Foster Care Independence Act of 1999 Essay

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Foster Care Independence Act of 1999

Before this bill was signed into law the Federal
Government provided about $70 million per year to conduct programs for adolescents leaving foster care that are designed to help them establish independent living.
Research and numerous reports from States conducting these programs indicate that adolescents leaving foster care do not fare well. As compared with other adolescents and young adults their age, they are more likely to quit school, to be unemployed, to be on welfare, to have mental health problems, to be parents outside marriage, to be arrested, to be homeless, and to be the victims of violence and other crimes (Cook, 1991).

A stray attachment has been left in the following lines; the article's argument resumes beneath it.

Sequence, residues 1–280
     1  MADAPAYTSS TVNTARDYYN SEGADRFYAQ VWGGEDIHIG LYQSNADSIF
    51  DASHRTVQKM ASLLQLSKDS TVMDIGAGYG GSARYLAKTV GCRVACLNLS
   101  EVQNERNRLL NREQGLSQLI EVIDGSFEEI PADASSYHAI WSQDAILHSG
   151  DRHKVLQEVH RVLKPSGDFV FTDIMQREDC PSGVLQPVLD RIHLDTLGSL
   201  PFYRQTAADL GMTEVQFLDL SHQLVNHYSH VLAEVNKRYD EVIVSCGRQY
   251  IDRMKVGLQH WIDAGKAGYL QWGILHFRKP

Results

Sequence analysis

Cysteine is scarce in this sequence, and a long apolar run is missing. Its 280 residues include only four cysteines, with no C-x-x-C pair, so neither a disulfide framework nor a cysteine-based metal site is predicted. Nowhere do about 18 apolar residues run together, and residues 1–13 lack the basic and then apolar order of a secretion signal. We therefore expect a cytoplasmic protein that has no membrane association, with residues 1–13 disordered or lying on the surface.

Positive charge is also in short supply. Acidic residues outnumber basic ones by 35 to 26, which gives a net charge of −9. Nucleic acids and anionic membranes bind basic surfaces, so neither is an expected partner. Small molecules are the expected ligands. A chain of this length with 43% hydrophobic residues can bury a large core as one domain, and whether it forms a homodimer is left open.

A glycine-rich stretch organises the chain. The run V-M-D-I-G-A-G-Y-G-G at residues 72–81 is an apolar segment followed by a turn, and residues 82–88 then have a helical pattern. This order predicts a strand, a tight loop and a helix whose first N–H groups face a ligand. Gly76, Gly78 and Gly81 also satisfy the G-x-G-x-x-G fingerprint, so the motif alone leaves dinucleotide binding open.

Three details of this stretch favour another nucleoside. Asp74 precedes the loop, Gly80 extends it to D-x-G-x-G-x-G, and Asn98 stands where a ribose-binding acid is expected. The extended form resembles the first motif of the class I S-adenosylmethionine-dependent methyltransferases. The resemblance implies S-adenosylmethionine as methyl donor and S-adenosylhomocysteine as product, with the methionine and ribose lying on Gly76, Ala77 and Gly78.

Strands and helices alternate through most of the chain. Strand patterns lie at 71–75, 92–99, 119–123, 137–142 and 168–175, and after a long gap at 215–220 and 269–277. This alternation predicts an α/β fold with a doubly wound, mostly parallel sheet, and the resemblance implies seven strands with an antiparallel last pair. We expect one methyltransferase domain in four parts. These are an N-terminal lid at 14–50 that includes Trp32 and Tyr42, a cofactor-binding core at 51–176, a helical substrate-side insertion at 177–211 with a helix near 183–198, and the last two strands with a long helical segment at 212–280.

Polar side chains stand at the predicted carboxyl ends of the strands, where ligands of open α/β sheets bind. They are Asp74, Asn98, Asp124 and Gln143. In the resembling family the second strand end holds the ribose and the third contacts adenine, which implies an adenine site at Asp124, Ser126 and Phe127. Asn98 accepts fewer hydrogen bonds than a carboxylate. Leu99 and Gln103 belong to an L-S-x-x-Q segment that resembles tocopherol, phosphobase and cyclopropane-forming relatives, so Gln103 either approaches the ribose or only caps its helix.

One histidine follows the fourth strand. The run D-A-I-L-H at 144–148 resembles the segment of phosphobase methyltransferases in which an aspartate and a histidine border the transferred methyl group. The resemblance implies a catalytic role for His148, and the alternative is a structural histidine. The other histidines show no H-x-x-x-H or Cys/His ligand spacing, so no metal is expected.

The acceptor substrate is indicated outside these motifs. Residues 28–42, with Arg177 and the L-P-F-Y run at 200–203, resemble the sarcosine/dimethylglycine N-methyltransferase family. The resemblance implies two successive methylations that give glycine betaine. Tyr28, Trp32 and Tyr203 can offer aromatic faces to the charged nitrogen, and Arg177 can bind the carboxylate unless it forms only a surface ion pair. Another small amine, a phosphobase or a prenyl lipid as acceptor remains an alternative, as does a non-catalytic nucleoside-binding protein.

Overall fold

The need for special help for youths ages 18 to 21
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These things listed above are addressed in bill H.R. 3443.
Young people need appropriate information about the strengths and limitations of all permanency options, including adoption, legal guardianship, and other permanent living arrangement, as well as emancipation. Though many foster teens are adopted each year, emancipation to independence is the reality for many others. Long lasting, supportive, and strong connections to family members, friends, and other adults are critical to young people's healthy development while they are in foster care and to their success in adult life. Young people report that relationships with people who care about them and are there for them consistently make all the difference in the world when they are on their own (Mech, 1994). These are some of the problems faced by 20,000 foster children who age-out of care each year.
In the early 1980's, older adolescents in foster care and young adults who had been discharged from foster care become a source of great
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